The Tea Party

Steve Carmody / Michigan Radio

LANSING, Mich. (AP) - Michigan Republican Party Chairman Bobby Schostak is not seeking another two-year term, which means someone else, will lead the party through the 2016 election cycle.

Steve Carmody/Michigan Radio

Tea Party leaders from across Michigan will be gathering in Mount Pleasant on Saturday.

More than 300 Tea Party leaders are expected to be on hand for the conference.

Organizer Cindy Gamrat calls it a ‘Powwow’. She says it’s an opportunity to get together, network and share ideas with fellow ‘liberty lovers’. 

Gamrat says the Tea Party movement in Michigan is moving beyond the emotional “ups and downs” tied to political wins and losses.

“It’s becoming a movement that’s becoming more proactive than reactive,” says Gamrat.

"War." That was the headline on the conservative blog “Right Michigan” following the state Senate’s vote this week to approve the Medicaid expansion. The GOP right, the Tea Party, say this is a vote that will not be forgotten – political collusion with the loathed and dreaded Obamacare by eight Republicans who voted with Democrats to get it passed.

Make that nine Tea Party targets if you count Lieutenant Governor Brian Calley, who was not forced to but stood ready to cast a tie-breaking vote if it was needed to get the expansion passed.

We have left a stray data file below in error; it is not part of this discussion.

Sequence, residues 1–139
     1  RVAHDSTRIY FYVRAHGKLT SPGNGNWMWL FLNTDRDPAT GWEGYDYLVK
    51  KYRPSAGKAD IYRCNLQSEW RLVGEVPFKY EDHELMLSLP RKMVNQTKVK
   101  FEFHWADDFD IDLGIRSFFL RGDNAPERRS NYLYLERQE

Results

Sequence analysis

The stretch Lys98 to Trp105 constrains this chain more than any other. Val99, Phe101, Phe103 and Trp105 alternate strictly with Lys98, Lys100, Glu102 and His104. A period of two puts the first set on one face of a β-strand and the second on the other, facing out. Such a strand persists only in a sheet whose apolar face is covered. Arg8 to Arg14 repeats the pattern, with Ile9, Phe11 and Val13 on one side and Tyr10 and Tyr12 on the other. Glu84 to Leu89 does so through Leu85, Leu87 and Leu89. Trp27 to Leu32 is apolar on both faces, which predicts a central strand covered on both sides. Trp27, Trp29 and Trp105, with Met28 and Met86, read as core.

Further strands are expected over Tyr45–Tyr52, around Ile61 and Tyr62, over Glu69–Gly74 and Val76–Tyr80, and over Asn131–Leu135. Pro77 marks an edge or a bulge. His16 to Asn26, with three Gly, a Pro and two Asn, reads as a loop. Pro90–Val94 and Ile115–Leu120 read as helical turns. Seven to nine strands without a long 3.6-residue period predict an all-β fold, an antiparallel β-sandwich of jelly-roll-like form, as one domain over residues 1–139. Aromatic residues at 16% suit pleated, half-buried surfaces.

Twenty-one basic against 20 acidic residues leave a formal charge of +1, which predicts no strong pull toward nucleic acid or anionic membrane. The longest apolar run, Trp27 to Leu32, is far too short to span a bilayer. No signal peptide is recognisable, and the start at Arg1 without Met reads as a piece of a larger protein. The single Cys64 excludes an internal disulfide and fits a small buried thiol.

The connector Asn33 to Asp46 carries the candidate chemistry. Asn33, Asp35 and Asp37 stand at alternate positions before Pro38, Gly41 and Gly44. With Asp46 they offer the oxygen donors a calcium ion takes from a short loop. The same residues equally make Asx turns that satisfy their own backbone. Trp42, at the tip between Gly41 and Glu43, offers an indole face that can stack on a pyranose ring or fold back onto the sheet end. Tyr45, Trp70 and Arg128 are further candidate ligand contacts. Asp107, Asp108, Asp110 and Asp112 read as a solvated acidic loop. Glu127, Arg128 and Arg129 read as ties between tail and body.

Last week, we outlined the political challenges facing Calley and, since then, a Tea Party opponent emerged. Wes Nakagiri says he is putting together a campaign to oust and replace Calley next year at a Republican state convention.

Calley, meanwhile, has gone on counter-offense, adopting the vernacular of the Tea Party, and sending out communications heavily laden with words like “freedom,” “liberty,” and “conservative.” He is also touting the endorsement of Congressman Justin Amash, a favorite of the “liberty” wing of the Republican coalition.

All of this is an effort to begin to re-set the conversation after the Senate vote. But there is still more road to travel before the Medicaid expansion is complete. The state House must adopt the Senate version to get it to Governor Rick Snyder’s desk.  The governor is actually delaying a trade-building mission to China and Japan to be on hand. (Remember, he rushed back from Israel after the Medicaid expansion stalled in the Senate earlier this summer.) It’s a good bet he’d like to sign the bill before joining the trade trip later in the week.